This article is in part (but only in part) inspired by some of the more, umm..."passionate" commentaries deriding what Spinrad wrote. While I certainly understand and to a large degree agree with those who thought his comment implying that a Caucasian (as if this term isn't as ridiculous for this discussion as "white" is) writer, Mike Resnick, would have been just as suited to write a story set in/about Africa (itself a nebulous concept that fractures into components just as readily as the "South" does, especially when viewed from the eyes of someone who's had long-term exposure to what transpires in said region) as would have the late African-American writer, Octavia Butler, was rather ridiculous (damn, this is an unwieldy sentence), I found some of the tone behind some of the comments (many of them were fine) to be rather troubling.
There was this automatic sense that non-native writers couldn't "get it right." That their stories would lack a sense of "authenticity." That (and this is reading between the lines and risking complete misinterpretations of what these authors thought) such writers shouldn't try. How could one grasp "the Other" without being viewed as being "the Other?", or so it seemed the unstated reasoning went. The opinion that I read which went the farthest in this direction was the Publishers Weekly column that Rose Fox penned called "A Whiff of Colonialism."
I agreed with many of her comments about the Spinrad column. But there was one bit toward the end, which I'll quote below, which set off internal alarm bells for me:
When I read that, I thought almost immediately of a little discussion I blogged about back in December, where some Brazilian writers/critics/fans questioned whether or not I, a foreigner who wasn't a native speaker of Brazilian Portuguese or who had spent a great deal of time immersed in Brazilian culture, could probably understand and assess what I read in the anthology that I later reviewed. With my pale skin (which is rare on my dad's side of the family, as there is a more heavy admixture of Cherokee ancestry there), doubtless in some parts of Mexico, I'd be a gabacho, in other parts of Central America, a güero, and in still other parts of Latin America (itself a wonderfully diverse region, as I've discovered over the past eight years) a mere gringo or Anglo.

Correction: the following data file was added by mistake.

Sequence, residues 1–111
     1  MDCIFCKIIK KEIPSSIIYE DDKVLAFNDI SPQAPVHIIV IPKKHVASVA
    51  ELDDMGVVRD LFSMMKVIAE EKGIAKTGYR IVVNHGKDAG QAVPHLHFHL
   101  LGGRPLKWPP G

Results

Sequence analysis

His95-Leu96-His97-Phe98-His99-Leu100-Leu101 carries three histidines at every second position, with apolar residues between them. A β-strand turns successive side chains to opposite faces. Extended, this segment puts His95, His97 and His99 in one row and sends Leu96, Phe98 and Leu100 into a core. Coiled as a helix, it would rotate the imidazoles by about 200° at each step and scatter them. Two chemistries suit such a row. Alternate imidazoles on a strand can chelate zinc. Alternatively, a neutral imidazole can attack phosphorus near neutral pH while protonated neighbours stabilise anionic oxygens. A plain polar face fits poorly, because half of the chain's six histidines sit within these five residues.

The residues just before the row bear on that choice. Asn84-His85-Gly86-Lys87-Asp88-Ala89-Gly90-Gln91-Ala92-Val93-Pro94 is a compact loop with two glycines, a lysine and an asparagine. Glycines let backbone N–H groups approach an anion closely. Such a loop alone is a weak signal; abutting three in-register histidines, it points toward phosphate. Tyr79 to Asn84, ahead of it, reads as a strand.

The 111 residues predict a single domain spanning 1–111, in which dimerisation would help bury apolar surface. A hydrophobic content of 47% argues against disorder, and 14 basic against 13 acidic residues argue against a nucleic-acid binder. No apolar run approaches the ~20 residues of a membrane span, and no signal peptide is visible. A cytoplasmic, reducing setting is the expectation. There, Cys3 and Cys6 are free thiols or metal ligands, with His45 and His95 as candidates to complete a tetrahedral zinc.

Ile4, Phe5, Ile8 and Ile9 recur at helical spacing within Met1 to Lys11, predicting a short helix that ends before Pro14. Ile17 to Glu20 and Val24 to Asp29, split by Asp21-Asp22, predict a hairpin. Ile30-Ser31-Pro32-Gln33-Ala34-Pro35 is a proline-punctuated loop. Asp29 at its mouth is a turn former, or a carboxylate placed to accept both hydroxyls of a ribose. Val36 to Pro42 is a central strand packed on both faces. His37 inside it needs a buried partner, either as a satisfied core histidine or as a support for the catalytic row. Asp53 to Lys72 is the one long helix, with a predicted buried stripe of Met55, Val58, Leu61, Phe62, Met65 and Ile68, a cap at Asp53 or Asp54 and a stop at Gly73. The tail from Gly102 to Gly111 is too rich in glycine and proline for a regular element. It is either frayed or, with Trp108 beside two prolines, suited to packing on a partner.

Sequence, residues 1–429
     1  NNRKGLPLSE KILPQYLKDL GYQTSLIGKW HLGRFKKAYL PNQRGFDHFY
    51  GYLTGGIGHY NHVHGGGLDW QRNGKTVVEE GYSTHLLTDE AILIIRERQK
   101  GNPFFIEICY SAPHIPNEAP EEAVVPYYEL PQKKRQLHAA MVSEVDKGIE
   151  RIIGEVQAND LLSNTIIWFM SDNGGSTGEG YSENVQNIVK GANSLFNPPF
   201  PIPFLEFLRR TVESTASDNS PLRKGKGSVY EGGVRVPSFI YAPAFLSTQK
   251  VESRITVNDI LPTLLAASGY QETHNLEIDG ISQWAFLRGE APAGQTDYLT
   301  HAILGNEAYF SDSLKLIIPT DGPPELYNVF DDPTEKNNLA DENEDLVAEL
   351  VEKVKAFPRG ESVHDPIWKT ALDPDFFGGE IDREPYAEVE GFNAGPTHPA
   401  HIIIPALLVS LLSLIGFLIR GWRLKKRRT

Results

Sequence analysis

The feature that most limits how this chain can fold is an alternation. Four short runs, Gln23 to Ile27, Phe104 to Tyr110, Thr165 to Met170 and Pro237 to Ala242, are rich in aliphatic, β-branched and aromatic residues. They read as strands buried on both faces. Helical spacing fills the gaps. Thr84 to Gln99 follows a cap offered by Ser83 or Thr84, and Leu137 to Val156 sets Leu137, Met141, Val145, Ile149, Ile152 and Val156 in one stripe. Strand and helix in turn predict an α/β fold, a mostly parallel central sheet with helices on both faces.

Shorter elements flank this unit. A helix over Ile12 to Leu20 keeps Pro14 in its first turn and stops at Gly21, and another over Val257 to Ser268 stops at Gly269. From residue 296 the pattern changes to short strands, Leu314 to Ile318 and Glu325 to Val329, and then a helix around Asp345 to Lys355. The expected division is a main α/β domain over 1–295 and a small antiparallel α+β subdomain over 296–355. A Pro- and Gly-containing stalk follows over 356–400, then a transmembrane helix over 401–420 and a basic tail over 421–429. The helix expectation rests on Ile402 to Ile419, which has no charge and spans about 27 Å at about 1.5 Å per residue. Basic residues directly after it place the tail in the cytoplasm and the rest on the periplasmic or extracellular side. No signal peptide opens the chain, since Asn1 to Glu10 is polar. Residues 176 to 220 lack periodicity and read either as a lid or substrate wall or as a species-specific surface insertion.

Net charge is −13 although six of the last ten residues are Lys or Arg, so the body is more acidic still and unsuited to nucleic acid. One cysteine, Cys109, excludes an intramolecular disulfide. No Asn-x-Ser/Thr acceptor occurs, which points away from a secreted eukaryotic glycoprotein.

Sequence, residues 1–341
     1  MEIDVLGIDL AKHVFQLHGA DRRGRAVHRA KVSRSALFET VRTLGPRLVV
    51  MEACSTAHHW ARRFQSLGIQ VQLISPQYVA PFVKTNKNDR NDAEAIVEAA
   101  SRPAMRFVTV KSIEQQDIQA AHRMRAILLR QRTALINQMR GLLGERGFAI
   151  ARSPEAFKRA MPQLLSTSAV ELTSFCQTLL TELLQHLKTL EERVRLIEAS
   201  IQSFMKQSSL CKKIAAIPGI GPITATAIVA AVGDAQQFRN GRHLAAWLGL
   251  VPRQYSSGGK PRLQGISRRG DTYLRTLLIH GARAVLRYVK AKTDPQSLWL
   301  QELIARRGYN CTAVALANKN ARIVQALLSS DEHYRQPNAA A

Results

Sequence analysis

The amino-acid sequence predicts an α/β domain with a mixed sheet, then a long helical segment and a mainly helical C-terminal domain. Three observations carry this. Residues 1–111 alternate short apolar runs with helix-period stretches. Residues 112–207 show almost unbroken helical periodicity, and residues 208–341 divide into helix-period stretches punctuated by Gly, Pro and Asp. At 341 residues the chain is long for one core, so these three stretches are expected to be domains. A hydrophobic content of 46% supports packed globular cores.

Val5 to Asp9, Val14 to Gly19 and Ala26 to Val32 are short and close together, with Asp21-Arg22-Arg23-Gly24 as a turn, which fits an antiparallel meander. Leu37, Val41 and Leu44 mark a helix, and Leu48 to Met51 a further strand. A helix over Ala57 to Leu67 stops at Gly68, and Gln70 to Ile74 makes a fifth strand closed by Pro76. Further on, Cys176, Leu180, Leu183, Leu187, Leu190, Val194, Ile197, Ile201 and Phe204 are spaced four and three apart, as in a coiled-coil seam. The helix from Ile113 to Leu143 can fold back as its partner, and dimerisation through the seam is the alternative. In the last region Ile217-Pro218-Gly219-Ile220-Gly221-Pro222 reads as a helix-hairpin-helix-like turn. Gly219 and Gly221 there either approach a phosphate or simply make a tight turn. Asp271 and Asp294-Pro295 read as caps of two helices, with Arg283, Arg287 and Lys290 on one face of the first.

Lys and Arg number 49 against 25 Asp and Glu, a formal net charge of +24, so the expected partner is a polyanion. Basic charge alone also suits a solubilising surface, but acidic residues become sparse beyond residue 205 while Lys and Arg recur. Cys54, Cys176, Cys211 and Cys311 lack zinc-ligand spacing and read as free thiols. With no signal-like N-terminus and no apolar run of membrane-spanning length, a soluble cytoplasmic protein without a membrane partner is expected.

I do agree with Charles Tan that Spinrad has some decent advice for those “First World writers”, but I think he errs greatly in considering them his only audience–even given the probable demographics of Asimov’s readers–and thereby excusing himself from researching or writing about anything of relevance to a more diverse group. At the end of the piece, Spinrad glibly suggests doing lots of research; while this is generally sound, it’s not a very compelling recommendation from someone who has clearly done none of his own. And while Jeff VanderMeer gives Spinrad kudos for raising the “interesting” notion that “understanding other cultures is a way of deepening your self and your writing”, I get the same whiff of colonialism from that notion–and from VanderMeer applauding it in Spinrad, one white Western writer to another–that Spinrad rightly detected in Arthur Clarke’s work. If you go exploring in another culture only as a way of improving yourself and your work, that’s blatantly appropriative.
Some natives might even, hypothetically, question, similar to what Fox does in the quoted passage above, if my desire to broaden my multicultural awareness and to learn how to think in more than just my native English might ultimately be a "whiff of colonialism." I certainly hope that isn't what she was stating or even implying in that quoted passage, but the very negative connotations given to "appropriative" behavior is almost insulting to me and perhaps it is to others who have embraced elements of other cultures over the course of their lifetimes.